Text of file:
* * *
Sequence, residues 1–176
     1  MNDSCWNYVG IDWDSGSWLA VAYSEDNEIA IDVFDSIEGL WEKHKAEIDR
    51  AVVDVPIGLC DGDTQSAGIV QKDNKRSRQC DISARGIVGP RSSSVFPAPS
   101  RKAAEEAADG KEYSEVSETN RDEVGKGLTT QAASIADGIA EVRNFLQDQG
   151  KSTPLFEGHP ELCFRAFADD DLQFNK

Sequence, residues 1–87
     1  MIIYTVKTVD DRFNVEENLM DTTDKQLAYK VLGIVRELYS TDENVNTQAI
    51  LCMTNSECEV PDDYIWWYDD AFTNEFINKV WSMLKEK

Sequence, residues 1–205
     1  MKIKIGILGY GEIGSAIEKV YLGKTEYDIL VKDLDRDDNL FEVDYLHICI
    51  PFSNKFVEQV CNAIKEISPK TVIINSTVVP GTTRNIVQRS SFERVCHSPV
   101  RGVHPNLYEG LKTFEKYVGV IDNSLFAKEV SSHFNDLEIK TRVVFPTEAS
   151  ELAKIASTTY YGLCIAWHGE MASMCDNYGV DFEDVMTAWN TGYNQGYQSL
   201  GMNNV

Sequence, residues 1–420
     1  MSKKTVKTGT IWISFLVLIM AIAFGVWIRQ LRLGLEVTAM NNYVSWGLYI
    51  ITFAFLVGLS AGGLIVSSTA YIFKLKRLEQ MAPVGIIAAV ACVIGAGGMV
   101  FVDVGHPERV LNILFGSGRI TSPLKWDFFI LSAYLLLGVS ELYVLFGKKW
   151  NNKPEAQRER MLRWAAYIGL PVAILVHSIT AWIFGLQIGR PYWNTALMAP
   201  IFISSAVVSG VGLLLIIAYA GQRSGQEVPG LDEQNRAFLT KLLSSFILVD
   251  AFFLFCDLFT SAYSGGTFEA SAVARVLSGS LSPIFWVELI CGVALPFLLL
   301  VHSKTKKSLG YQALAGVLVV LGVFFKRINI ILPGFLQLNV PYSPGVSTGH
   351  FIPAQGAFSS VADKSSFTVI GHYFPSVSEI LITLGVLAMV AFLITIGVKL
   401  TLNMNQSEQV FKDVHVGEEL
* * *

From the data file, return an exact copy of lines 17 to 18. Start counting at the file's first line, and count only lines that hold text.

    51  ITFAFLVGLS AGGLIVSSTA YIFKLKRLEQ MAPVGIIAAV ACVIGAGGMV
   101  FVDVGHPERV LNILFGSGRI TSPLKWDFFI LSAYLLLGVS ELYVLFGKKW